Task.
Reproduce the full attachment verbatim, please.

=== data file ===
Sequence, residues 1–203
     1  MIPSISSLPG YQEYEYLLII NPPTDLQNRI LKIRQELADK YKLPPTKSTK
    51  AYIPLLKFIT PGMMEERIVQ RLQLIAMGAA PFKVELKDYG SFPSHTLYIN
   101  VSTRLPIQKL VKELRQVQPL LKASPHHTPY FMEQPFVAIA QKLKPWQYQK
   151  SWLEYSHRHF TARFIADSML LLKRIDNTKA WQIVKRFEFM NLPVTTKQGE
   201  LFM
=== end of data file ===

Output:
Sequence, residues 1–203
     1  MIPSISSLPG YQEYEYLLII NPPTDLQNRI LKIRQELADK YKLPPTKSTK
    51  AYIPLLKFIT PGMMEERIVQ RLQLIAMGAA PFKVELKDYG SFPSHTLYIN
   101  VSTRLPIQKL VKELRQVQPL LKASPHHTPY FMEQPFVAIA QKLKPWQYQK
   151  SWLEYSHRHF TARFIADSML LLKRIDNTKA WQIVKRFEFM NLPVTTKQGE
   201  LFM